17. Huang, J. J. (2001). Idea and practice of general education in higher education. Taipei: Taiwan General Education Association.Google Scholar
  18. Jin, L. X., & Cortazzi, M. (1995). A cultural synergy model for academic language use. In P. Bruthiaux, T. Boswood, & B. Du-Babcock (Eds.), Explorations in English for professional communication. Hong Kong: City University of Hong Kong.Google Scholar
  19. Johnson, D. K. (2002). General education 2000—A national survey: how general education changed between 1989 and 2000. Unpublished Ph.D. dissertation, Pennsylvania State University, University Park.Google Scholar
  20. Keller, P. (1982). Getting at the core: Curricular reform at Harvard. Cambridge: Harvard University Press.Google Scholar
  21. Livingstone, R. (1944). On education. New York: The Macmillan Company.Google Scholar
  22. Lu, X. D. (2001). A comparative study of majors in Chinese and American universities. Study of Comparative Education, 2, 18–23.Google Scholar
  23. Maley, A. (1982). Foreign language learning and the search for a new paradigm. Language Learning and Communication, 1, 123–135.Google Scholar
  24. Maritain, J. (1971). Education at the crossroads. New Haven: Yale University Press.Google Scholar
  25. Nostrand, H. L. (1946). Mission of college. London: Kegan Paul, Trench, Trubner.Google Scholar
  26. Paine, L. (1992). Teaching and modernization in contemporary China. In R. Hayhoe (Ed.), Education and modernization: The Chinese experience. Oxford: Pergamon.Google Scholar
  27. Rosovsky, H. (1990). The university: An owner’s manual (1st ed.). New York: W.W. Norton.Google Scholar
  28. Scollon, S. (1999). Not to waste words or students: Confucian and Socratic discourse in the tertiary classroom. In E. Hinkel (Ed.), Culture in second language teaching and learning (pp. 13–27). Cambridge: Cambridge University Press.Google Scholar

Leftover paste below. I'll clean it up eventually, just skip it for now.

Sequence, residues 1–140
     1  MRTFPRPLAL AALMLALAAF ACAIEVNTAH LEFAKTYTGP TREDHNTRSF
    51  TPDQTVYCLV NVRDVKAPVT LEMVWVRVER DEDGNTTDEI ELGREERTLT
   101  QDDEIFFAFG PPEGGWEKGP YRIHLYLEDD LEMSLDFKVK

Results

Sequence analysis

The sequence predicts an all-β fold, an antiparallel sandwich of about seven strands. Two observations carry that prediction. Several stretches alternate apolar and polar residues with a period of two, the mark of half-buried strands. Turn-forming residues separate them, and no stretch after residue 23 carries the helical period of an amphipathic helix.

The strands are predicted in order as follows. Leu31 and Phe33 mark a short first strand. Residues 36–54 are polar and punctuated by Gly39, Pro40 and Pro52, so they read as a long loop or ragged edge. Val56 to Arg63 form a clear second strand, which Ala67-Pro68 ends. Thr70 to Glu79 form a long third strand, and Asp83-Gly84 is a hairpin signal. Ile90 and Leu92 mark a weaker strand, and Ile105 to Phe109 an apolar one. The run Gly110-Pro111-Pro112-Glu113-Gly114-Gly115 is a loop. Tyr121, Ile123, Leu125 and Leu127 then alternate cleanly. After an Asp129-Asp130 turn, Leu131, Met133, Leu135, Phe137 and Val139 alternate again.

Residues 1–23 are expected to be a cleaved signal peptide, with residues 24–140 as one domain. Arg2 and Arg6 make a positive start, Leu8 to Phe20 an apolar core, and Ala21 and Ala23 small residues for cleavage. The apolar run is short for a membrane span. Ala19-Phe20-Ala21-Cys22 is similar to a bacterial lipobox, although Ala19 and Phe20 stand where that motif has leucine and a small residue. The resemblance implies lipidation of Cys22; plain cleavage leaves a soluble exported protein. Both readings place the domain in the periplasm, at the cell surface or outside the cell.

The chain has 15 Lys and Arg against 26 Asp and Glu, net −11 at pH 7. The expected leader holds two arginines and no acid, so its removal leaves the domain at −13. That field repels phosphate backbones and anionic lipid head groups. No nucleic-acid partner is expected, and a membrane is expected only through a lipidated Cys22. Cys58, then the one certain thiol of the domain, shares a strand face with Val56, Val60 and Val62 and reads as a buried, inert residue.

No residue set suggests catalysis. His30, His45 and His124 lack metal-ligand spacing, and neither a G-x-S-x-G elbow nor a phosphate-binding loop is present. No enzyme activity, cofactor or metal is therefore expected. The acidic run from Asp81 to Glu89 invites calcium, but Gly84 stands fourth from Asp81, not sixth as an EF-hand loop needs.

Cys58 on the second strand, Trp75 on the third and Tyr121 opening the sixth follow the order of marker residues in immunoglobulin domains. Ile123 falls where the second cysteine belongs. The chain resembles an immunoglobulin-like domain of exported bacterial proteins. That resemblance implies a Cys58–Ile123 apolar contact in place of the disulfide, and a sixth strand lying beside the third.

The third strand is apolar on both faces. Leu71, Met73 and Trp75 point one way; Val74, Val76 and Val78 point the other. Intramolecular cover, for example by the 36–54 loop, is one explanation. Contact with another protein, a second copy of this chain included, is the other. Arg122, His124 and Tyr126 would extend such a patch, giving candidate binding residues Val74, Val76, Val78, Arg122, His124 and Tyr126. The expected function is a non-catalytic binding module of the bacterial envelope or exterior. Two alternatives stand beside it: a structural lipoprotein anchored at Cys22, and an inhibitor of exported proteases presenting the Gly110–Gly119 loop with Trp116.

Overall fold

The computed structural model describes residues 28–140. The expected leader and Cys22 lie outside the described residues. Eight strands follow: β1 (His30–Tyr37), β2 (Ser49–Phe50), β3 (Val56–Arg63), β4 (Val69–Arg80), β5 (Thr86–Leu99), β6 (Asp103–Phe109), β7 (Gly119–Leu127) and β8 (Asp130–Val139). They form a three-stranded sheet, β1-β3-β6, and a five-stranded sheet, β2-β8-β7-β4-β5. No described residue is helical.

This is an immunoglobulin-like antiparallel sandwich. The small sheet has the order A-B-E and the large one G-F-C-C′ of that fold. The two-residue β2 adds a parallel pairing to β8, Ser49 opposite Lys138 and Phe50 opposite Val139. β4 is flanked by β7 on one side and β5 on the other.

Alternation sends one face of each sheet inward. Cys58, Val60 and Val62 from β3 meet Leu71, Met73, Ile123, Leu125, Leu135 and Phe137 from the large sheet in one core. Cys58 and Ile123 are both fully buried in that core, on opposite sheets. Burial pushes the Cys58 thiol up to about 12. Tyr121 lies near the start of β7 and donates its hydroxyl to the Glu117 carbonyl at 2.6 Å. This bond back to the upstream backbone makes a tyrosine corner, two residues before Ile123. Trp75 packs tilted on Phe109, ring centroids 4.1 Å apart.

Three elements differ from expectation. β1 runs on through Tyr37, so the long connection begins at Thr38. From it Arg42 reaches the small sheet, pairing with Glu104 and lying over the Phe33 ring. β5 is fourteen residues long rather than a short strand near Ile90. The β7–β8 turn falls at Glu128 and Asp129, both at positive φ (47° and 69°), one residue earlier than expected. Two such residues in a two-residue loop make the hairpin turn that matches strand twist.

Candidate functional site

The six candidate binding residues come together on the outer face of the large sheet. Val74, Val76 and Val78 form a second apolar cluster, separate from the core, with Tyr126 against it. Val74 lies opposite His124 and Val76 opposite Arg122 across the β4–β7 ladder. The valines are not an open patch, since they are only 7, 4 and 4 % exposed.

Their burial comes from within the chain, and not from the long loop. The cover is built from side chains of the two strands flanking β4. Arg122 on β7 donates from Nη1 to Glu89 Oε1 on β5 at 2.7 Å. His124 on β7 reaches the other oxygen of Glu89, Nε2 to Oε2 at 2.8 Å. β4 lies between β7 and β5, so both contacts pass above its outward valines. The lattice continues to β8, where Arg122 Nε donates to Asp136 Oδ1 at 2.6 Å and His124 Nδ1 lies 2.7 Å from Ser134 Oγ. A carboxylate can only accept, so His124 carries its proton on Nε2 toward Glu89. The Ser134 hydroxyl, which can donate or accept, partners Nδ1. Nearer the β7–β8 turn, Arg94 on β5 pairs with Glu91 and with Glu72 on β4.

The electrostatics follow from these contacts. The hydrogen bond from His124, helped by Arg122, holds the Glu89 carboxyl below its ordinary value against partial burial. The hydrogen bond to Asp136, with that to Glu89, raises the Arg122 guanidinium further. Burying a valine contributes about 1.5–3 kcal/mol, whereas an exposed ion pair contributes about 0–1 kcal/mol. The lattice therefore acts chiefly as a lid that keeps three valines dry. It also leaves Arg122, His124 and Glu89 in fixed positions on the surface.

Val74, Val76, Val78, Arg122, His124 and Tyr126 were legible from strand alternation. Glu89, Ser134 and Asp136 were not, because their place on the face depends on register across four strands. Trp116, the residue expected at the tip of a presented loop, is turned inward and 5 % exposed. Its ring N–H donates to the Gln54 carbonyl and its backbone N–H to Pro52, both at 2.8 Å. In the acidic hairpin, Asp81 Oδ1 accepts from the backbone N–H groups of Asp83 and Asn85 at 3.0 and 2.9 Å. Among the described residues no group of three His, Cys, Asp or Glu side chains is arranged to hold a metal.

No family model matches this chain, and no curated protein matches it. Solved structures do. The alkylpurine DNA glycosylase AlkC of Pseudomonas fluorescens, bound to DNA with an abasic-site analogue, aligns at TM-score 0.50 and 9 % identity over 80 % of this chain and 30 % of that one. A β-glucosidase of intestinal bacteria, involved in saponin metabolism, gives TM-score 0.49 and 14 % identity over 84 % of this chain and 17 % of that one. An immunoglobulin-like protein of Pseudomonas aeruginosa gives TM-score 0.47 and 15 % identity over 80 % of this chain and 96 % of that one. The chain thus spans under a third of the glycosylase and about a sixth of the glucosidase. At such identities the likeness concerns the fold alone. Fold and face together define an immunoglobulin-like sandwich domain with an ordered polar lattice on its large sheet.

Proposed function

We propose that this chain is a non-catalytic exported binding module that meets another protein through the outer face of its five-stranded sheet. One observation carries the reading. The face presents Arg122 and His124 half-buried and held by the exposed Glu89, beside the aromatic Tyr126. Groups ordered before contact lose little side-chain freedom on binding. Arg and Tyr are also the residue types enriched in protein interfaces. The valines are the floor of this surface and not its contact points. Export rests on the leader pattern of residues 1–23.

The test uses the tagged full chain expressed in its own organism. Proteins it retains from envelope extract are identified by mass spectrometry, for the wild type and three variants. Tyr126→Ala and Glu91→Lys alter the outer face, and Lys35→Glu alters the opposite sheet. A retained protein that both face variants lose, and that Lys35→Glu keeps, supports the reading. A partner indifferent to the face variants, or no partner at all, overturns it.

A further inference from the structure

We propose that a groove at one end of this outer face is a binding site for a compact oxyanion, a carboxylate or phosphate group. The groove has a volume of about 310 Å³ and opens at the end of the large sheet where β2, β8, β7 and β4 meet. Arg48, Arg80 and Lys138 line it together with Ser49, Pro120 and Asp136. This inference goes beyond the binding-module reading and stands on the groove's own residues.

29. Stevenson, H. W., & Lee, S. (1990). Context of achievement. Monographs of the Society for Research in Child Development (Vol. 55). London: Blackwell.Google Scholar
  30. Tang, D. G., & Absalom, D. (1998). Teaching across cultures: Considerations for Western EFL teachers in China. Hong Kong Journal of Applied Linguistics, 3(2), 117–132.Google Scholar
  31. Van Doren, M. (1959). Liberal education. Boston: Beacon.Google Scholar
  32. Wilson, J. (1979). The great core curriculum debate: Education as a mirror of culture. New York: Change Magazine Press.Google Scholar
  33. Wong, K. C. (2001). Chinese culture and leadership. International Journal of Leadership in Education, 4(4), 309–319.CrossRefGoogle Scholar
  34. Yang, K. S. (1986). Chinese personality and its change. In M. H. Bond (Ed.), The psychology of the Chinese people. Hong Kong: Oxford University Press.Google Scholar
  35. Yang, R. (2009). Enter the dragon? China’s higher education returns to the world community: The case of the Peking University Personnel Reform. In J. C. Smart (Ed.), Higher education: Handbook of theory of research. Dordrecht: Springer.Google Scholar
  36. Zhu, W. (1992). Confucius and traditional Chinese education: An assessment. In R. Hayhoe (Ed.), Education and modernization: The Chinese experience (1st ed.). Oxford: Pergamon Press.Google Scholar

Copyright information

© Springer-Verlag Berlin Heidelberg 2014

Authors and Affiliations

  1. 1.BeijingChina, People’s Republic

Personalised recommendations